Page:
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COVID 19: The view from Buglife

Buglife is the only organisation in Europe that stands up for all invertebrates. Our work includes on-the-ground conservation, such as creating wildflower rich grassland for pollinators; campaigning, such as saving significant sites from development; influencing policy, such as pesticide legislation; and public education to change perceptions of invertebrates. Currently Buglife focuses on pollinators, freshwater habitats and species at risk of extinction. There are staff across the United Kingdom with a presence in all four nations and offices in Cardiff, Peterborough, Plymouth and Stirling.

Covid-19 has had a profound impact on the ways in which Buglife works. All offices have been closed and all staff now work from home. Thankfully in February we switched from an office-based server to the cloud, which has enabled staff to continue working and stay in touch with ease, though lock-down did require the dispatch of dongles, to staff who lacked internet, and a number of upgraded phones and laptops, too.

We have been very careful with our finances in the last few years and before Covid-19, fundraising was going well, so we have been able to avoid furloughing staff. Instead, we re-scheduled projects – spring planting shifted to autumn, planned in-person training sessions shifted to online webinars, engagement activities shifted to digital. Instead of launching our new campaign, No Insectinction, in London in May with Steve Backshall, Germaine Greer and politicians, it became an on-line launch with a series of supporting videos and social media activity.

The first few weeks of lockdown was a particularly grim time for our fundraising, as the number of new members joining and donations via our website crashed to virtually zero. Thankfully after this alarming lull the on-line support has risen back to its former level, and coupled with some much needed unrestricted grants from several EFN members, we are projecting healthy income for 2020.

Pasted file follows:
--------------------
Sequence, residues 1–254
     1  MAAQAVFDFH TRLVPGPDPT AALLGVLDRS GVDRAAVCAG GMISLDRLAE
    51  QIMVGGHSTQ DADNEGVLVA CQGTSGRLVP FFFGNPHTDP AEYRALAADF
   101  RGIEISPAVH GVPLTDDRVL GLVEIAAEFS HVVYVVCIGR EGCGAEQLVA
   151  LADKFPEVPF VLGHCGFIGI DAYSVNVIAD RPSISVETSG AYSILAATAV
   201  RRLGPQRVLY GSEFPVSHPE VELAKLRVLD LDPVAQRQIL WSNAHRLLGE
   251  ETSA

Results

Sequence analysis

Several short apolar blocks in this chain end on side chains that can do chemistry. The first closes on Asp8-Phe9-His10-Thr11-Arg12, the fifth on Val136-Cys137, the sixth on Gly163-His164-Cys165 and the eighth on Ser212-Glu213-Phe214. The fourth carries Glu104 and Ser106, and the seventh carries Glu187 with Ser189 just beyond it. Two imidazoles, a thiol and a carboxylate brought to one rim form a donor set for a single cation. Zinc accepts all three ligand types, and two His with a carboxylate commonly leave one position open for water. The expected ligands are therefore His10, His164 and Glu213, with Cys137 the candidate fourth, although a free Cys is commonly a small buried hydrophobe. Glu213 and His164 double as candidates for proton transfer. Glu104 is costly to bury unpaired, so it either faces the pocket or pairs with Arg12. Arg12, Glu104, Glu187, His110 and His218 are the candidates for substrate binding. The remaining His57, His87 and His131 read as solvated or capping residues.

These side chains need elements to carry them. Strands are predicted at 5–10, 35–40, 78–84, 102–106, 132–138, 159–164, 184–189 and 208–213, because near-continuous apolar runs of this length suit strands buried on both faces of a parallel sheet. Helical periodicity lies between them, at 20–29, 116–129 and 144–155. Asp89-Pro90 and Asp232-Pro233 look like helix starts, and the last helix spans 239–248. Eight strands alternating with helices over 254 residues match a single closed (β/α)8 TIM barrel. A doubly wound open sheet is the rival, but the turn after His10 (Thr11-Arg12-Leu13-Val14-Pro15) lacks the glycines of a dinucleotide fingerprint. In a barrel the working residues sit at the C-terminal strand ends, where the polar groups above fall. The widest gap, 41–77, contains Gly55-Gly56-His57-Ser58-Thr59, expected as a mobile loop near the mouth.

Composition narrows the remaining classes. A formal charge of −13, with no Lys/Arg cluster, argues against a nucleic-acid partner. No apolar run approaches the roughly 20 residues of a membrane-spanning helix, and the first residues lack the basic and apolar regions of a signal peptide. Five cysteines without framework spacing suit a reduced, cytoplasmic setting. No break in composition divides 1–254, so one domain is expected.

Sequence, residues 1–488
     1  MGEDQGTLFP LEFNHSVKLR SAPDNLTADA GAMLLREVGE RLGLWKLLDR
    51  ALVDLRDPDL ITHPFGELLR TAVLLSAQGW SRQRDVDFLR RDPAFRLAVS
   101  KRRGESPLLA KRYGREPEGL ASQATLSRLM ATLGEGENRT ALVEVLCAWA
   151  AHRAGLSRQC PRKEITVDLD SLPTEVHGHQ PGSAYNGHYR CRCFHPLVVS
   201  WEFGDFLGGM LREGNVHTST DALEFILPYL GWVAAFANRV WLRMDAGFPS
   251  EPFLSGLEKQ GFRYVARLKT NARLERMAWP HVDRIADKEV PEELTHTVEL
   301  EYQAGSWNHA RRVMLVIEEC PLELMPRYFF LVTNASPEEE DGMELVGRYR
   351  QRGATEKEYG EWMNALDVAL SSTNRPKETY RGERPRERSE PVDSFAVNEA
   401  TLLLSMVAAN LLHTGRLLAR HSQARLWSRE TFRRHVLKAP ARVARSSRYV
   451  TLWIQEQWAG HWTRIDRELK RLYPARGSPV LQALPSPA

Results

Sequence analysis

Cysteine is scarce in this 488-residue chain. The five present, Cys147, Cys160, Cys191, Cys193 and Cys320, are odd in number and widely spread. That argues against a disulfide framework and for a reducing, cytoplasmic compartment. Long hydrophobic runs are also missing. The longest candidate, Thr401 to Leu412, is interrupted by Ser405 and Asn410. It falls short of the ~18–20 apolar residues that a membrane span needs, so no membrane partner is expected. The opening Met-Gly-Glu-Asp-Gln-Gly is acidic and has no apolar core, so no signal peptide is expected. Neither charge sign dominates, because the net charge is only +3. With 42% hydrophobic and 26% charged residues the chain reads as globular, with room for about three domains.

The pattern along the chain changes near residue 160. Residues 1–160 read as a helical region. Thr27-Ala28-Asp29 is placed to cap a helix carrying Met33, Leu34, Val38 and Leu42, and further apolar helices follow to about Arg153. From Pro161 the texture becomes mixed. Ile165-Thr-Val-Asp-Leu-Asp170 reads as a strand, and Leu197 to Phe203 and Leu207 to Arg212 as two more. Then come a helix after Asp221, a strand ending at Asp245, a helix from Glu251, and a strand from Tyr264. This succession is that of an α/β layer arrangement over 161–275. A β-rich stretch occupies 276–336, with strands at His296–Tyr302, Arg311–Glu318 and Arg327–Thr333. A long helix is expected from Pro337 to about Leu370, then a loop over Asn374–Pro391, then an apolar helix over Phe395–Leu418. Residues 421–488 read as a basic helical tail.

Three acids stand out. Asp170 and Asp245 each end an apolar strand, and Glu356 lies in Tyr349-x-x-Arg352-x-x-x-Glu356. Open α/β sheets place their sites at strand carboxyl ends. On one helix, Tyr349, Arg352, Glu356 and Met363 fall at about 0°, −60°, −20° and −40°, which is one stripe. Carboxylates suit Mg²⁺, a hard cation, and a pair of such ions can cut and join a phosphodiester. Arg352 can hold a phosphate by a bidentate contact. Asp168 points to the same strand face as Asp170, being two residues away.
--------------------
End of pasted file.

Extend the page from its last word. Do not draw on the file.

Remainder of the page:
Sadly many other organisations in our sector have been forced to furlough staff, and we’ve been able to turn this to our advantage by recruiting twenty highly skilled furloughed volunteers to produce much-needed desk-based research reports. This should generate a wealth of quality materials to support future policy and campaign work. We have also looked at new initiatives that can raise profile and funds, such as the inaugural Luminar Bug Photography Awards and a computer gaming competition.

There are longer term concerns for 2021 as we would have been developing and submitting project proposals across Q2 and Q3 of this year, predominantly involving National Lottery Heritage Funding. The fund’s suspension of all applications until at least October presents a massive challenge for the years ahead, with potentially no income or work for a significant proportion of our field-based staff. This will be an issue for most organisations in our sector and will lead to very fierce competition for these grants when they re-open.

It is always a challenge for small- to medium-sized organisations to appear to offer ‘good value’ in project applications, as we have no choice but to include an element of full cost recovery. Larger organisations with memberships in the tens of thousands can usually cover at least a proportion of non-direct project costs from their core income, meaning a much lower need and ask for full cost recovery, making them appear better value to funders.

It is in early 2021 that we will really need more support from funders – particularly unrestricted funding to allow us to continue to employ our skilled on-the-ground conservation staff. The crisis has also highlighted the need to develop more and better online education tools and activities to engage with potential supporters in a lockdown environment.

Finally, the pandemic has forced us to use new technology, such as Microsoft Teams and Zoom, to keep in touch with home-workers, which has in fact allowed a greater feeling of connectedness across a dispersed staff base. This could lead to profound future changes to how organisations in the sector function, and potentially a large reduction in overheads.

Paul Hetherington has been Director of Fundraising and Communications at Buglife since 2012 having previously worked at the Woodland Trust, WaterAid and Save the Children.

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